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Author: Hohum777 Big gold star, 5000 posts Old School Fool Add to my Favorite Fools Ignore this person (you won't see their posts anymore) Number: of 457095  
Subject: More route changes Date: 4/25/2013 11:46 PM
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I was going to use Qaz's line, "I know a little ...", but then realized if I did try to
use it, I would be contradicting myself. Some of the new events, I'm still very much in the dark.
Okay, so I think I might have mentioned in one or more prior threads that increasing US energy
production is having an impact on certain categories of tankers, in particular the largest
crude carrying tankers- the Very Large Crude Carriers, or VLCCs. So, it seems logical that
if the US is producing more crude internally, then crude imports would drop.

During 1Q13, the class specific disparity grew further; US-delivered VLCC cargo declined
44.6%, y/y, while the decline for Suezmaxes and Aframaxes came in at 7.8% and 2.3%, respectively.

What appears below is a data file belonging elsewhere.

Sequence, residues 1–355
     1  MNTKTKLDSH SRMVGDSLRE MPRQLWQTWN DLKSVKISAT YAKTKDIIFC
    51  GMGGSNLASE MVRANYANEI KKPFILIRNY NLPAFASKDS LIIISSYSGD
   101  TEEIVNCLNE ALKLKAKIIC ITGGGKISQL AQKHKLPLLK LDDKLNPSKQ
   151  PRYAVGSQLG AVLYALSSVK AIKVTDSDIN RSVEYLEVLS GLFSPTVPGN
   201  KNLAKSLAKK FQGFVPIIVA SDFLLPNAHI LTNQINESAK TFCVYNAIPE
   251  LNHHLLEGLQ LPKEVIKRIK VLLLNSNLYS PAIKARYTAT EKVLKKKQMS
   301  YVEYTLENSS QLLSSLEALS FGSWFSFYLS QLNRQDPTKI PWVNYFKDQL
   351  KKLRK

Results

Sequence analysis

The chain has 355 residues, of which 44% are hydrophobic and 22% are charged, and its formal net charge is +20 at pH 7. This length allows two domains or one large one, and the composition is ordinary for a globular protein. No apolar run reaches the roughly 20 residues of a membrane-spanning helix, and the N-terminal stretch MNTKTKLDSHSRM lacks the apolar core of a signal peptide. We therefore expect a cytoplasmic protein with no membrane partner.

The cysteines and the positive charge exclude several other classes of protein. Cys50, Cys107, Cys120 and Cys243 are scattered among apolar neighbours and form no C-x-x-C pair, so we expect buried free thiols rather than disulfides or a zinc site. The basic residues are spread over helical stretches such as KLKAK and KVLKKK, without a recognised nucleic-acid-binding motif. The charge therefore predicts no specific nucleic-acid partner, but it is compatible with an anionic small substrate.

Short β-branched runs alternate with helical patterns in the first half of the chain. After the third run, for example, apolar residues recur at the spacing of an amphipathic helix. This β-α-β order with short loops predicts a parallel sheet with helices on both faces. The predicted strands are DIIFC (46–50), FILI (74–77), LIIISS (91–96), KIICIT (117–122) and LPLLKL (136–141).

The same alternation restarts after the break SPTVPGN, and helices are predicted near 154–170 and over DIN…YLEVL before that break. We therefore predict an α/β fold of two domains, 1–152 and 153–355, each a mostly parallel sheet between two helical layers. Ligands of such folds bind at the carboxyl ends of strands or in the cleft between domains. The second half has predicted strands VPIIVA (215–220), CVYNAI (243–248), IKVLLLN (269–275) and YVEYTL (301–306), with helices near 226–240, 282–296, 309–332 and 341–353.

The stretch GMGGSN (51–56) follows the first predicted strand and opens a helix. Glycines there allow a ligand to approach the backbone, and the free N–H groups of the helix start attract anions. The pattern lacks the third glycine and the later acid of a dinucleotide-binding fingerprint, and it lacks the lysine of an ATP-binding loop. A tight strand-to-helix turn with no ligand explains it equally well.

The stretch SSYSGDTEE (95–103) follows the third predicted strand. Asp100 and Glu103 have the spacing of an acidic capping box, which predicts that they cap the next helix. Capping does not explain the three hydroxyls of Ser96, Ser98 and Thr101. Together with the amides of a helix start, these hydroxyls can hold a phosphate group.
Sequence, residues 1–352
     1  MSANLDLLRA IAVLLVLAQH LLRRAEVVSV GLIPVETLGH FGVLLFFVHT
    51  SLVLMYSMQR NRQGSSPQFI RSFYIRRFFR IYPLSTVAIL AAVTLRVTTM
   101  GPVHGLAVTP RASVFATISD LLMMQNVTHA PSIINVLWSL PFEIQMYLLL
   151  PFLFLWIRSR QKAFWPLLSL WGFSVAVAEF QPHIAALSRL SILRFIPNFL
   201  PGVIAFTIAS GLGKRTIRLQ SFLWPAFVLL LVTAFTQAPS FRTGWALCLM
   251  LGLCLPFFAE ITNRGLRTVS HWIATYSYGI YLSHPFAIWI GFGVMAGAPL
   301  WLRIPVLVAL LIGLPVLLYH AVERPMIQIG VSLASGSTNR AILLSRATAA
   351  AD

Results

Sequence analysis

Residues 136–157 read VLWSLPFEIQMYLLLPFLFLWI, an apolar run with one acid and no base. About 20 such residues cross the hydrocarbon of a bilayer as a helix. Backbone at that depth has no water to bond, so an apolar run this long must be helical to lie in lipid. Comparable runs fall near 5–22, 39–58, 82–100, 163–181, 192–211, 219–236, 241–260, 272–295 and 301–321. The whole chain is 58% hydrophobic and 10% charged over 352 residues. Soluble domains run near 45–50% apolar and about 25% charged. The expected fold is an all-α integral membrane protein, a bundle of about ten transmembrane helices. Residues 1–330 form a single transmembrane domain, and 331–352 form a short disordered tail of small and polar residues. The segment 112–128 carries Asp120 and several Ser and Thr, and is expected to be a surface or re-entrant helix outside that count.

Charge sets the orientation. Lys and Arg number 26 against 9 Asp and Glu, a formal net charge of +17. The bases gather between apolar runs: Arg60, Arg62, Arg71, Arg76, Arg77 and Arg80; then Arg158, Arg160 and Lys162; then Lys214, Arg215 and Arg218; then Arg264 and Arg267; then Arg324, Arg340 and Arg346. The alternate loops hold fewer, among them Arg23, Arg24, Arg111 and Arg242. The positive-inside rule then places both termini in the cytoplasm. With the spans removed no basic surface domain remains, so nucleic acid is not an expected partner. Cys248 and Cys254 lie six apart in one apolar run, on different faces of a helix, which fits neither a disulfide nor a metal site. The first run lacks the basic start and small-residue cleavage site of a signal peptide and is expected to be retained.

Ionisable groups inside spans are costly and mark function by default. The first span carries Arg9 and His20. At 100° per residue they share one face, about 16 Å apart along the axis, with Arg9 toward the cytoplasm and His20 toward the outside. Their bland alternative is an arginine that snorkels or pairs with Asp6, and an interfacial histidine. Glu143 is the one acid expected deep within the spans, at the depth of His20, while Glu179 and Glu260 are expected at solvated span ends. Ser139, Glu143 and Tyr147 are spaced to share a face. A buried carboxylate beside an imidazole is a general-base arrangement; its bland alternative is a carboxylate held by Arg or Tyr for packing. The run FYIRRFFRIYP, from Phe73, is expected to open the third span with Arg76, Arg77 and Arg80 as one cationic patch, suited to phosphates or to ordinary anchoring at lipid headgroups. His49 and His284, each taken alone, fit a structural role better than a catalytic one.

That part is somewhat clear.

http://drg.blob.core.windows.net/hellenicshippingnewsbody/pd...

But then I read that refined petroleum imports are also increasing, and I'm puzzled. Why would the
import dynamics be changing on the product side too? And it isn't just the US that is impacted.
Seems that the Australian refineries are also having issues with operational efficiency.
So, while Australia is a net energy exporting country, it too imports both crude oil and
refined petroleum. About 80% of its crude oil is imported, and 50% of its refined fuel is
also imported.

http://www.hellenicshippingnews.com/News.aspx?ElementId=3494...

Who'd a thunk refineries in developing countries would be supplying consumers and customers
in developed countries? Okay, technically Singapore probably qualifies as a developed country.
If both the US and Australia have increased their domestic energy production, it seems
counter-intuitive that refined petroleum imports would also be going up.

Now it begins to make sense why a tanker company like Teekay, that has traditionally focused
on crude oil tankers, has opted to order product tankers. Their most recent deal has a
Teekay subsidiary, Teekay Tankers (TNK), ordering 4 Aframax size tankers + 12 newbuild options


Also, a Teekay subsidiary that focused on the liquid gas sector, Teekay LNG partners (TGP), has
recently formed a partnership with another gas focused entity, Exmar. TGP and Exmar are
collaborating more closely on Liquified Petroleum Gas (LPG) transport.

http://gcaptain.com/teekay-exmar-form-joint-venture/
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